Since it began, Western Literature has been in a state of devolution. The first two books produced by a Western mind (more likely a whole bunch of minds) were the Iliad and the Odyssey. These are archetypes of what a literary masterpiece ought to be.
On the lowest level, they are just really awesome adventure/war stories. It is unimaginable that before the invention of the television any child under the age of 18 could have described the stories in these books as â€œboring.â€
On a more advanced level these tales illustrate almost every social relationship to be found in ancient Greece. One sees the ideal son in Telemachus, the ideal friendship in Achilles and Patroclus, the ideal military master in Odysseus (specifically when he deals with Thersites), and so on. These parts of the tales give a piecemeal picture of how a society should function and how people ought to relate to one another and the gods.
On the highest level, Homer’s stories defined the values that made someone a Greek, and most importantly a good human being. Homer was the educator of all the ancient world. Unlike the politically correct books we read to our children today, the Iliad is a book about courage, honor, and valor. It is about a war fought by two opposing camps, not of good vs. evil, but of good and noble vs. strong and courageous.There were no barbarians or evil forces, only Continental Greeks and Anatolian Greeks fighting over their honor and dignity.
Nietzsche, who loved Homer about as much as a person can without being an ancient Greek, said that the noble and strong man would invent his own values. He would smash the tablets of good and evil and create his own tablets of morality. While this is undoubtedly a beautiful tale, I don’t see it happening, and I don’t think it is happening; it is not likely to be possible in our time.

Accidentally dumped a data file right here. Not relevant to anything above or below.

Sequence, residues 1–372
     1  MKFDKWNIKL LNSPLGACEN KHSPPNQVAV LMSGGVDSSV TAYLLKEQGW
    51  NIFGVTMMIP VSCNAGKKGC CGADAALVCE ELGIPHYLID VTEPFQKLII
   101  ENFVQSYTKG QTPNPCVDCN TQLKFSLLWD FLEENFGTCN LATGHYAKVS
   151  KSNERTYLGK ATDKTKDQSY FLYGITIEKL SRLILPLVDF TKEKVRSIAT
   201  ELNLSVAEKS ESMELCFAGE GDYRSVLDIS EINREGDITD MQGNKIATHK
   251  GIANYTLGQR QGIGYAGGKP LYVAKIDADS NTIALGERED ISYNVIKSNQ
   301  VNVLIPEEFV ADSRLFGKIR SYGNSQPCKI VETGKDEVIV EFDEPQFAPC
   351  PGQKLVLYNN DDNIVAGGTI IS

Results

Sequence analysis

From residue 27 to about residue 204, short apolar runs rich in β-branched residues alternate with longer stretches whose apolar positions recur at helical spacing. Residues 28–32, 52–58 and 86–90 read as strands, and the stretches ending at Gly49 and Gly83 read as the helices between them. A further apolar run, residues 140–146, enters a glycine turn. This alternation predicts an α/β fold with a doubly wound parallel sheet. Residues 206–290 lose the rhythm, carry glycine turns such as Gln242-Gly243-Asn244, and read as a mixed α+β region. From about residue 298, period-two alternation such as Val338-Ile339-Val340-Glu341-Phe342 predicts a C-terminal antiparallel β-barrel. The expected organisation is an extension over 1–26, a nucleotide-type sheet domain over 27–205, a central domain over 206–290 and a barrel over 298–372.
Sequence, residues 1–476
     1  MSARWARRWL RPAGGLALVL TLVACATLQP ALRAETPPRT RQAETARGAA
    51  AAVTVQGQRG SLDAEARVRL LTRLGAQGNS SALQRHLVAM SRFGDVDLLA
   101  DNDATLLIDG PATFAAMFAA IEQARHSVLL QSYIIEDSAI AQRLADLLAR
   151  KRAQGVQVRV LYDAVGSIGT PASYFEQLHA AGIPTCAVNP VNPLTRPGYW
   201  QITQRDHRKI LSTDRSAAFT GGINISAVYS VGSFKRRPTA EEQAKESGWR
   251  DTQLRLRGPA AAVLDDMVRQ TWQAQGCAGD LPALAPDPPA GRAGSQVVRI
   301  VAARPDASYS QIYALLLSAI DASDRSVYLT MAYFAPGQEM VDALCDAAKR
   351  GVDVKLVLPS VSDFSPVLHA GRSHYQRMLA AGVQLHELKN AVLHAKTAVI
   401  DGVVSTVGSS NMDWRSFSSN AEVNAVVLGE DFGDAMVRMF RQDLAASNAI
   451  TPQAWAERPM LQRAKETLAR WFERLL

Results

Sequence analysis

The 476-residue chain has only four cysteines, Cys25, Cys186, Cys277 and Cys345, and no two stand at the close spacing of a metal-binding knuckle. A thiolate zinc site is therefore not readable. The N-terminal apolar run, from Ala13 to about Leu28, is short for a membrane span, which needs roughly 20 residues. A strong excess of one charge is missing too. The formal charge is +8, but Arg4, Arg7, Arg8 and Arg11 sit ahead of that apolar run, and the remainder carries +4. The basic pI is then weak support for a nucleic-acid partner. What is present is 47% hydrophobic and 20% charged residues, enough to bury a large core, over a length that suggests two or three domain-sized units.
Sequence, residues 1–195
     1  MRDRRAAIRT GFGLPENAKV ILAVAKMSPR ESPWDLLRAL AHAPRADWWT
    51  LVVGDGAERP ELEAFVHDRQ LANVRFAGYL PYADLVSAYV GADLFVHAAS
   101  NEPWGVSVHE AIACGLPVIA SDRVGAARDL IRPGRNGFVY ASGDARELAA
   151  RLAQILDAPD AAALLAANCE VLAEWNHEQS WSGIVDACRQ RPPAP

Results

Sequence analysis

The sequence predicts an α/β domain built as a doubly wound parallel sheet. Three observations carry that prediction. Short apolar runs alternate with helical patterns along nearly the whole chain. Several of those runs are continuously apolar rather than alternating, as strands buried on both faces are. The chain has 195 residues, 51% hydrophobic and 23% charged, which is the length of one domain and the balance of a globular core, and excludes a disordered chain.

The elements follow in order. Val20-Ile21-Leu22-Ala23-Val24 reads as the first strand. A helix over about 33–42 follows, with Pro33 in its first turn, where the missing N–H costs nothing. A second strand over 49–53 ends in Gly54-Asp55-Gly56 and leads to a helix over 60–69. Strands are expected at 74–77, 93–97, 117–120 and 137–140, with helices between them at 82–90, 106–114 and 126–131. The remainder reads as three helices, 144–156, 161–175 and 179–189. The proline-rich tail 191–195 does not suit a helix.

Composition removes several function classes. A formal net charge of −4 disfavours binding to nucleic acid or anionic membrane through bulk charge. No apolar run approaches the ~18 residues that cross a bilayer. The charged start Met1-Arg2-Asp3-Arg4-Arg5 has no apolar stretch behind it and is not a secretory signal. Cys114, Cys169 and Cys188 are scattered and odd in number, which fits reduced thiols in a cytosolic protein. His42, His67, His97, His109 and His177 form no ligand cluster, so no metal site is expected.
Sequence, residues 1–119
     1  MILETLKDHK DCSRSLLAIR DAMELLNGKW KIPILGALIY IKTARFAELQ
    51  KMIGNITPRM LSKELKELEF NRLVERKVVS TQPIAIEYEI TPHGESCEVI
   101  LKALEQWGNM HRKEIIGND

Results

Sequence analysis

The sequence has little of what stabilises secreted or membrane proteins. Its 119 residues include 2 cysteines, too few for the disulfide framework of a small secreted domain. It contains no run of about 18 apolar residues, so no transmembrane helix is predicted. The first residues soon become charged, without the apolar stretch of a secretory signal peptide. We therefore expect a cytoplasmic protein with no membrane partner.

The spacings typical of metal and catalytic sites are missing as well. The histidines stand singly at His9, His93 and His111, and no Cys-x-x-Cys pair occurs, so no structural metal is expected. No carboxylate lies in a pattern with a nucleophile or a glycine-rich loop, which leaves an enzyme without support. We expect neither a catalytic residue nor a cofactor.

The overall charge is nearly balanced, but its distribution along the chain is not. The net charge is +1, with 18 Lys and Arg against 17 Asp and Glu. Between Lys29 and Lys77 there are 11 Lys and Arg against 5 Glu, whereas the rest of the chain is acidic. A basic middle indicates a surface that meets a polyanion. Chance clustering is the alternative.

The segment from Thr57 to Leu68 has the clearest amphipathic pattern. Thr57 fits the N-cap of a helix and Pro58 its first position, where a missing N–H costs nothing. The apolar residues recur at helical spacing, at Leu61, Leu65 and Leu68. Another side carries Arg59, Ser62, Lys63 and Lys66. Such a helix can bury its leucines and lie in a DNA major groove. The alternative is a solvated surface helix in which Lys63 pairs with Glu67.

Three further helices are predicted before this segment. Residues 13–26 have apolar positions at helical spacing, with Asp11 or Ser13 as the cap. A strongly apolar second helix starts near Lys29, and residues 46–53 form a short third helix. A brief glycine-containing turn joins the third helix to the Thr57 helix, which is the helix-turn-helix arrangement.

Perhaps here and there a strong person can go into the woods and live how he wants, but this is not exactly the way Nietzsche envisioned the coming of the future philosophers. Nietzsche wanted to create Homers and Alexanders and Napoleons — not hermits inconsequential to society. Ultimately, Nietzsche’s ideal has the same romanticism about it as does Han Solo.
The real question is: what is causing our cultural disintegration? This cannot be answered in a blog-post or even a book. An easier question would be what about aspects of contemporary society are actively opposed to the fermentation of a unified culture. The big two seem to be technology (mostly the internet) and living in a society that accepts liberal democracy, with all that is entailed therein.
When we live in a society that actively promotes diversity (of cultures and ideas), equality, and change/progress/the unique you will inevitably start producing whole generations that strive to not be like the others. Where traditional cultures strive to emulate the ancestors, we strive to forget them.
When you couple this with a technological framework in which everyone is given a free outlet, and in which information of any slant is available in just a click, there is no chance that anything resembling unity will emerge.
Under these conditions people will either do what is popular or will look for like-minded people and gather information from sources they already agree with. While we ourselves are somewhat guilty of this latter approach, it is infinitely better than the former.
What is better than both of them, however, is a conscious return to our roots, where even disagreements have a common point of reference within a shared cultural framework.
Contra Nietzsche, we don’t need to look forward to find our values; we need to look backwards, to the tradition and the culture that shaped us. To understand the situation that we are in now, your best bet is to read the ancient Romans who commented on their own declining state.
Without a unified background and history, something we are losing in the West, there is no hope for a political or cultural unification. An early step toward that unification is to understand our culture — the origins and the values that shaped us — through literature.